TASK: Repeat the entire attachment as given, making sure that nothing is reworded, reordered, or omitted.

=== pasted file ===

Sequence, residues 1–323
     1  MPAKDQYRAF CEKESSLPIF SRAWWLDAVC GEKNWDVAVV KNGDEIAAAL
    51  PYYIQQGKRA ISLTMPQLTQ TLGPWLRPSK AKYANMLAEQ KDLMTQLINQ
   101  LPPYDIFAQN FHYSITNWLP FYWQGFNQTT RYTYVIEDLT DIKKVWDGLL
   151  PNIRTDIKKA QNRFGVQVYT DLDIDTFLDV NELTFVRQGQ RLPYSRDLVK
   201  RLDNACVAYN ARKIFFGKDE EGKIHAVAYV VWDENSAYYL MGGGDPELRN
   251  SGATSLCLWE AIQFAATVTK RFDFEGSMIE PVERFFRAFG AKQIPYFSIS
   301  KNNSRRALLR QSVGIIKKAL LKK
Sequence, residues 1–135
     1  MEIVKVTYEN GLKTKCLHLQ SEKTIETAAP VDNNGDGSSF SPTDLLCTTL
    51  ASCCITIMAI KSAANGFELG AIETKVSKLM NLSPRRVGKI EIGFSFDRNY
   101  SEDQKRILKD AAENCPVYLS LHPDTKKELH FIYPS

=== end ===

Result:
Sequence, residues 1–323
     1  MPAKDQYRAF CEKESSLPIF SRAWWLDAVC GEKNWDVAVV KNGDEIAAAL
    51  PYYIQQGKRA ISLTMPQLTQ TLGPWLRPSK AKYANMLAEQ KDLMTQLINQ
   101  LPPYDIFAQN FHYSITNWLP FYWQGFNQTT RYTYVIEDLT DIKKVWDGLL
   151  PNIRTDIKKA QNRFGVQVYT DLDIDTFLDV NELTFVRQGQ RLPYSRDLVK
   201  RLDNACVAYN ARKIFFGKDE EGKIHAVAYV VWDENSAYYL MGGGDPELRN
   251  SGATSLCLWE AIQFAATVTK RFDFEGSMIE PVERFFRAFG AKQIPYFSIS
   301  KNNSRRALLR QSVGIIKKAL LKK
Sequence, residues 1–135
     1  MEIVKVTYEN GLKTKCLHLQ SEKTIETAAP VDNNGDGSSF SPTDLLCTTL
    51  ASCCITIMAI KSAANGFELG AIETKVSKLM NLSPRRVGKI EIGFSFDRNY
   101  SEDQKRILKD AAENCPVYLS LHPDTKKELH FIYPS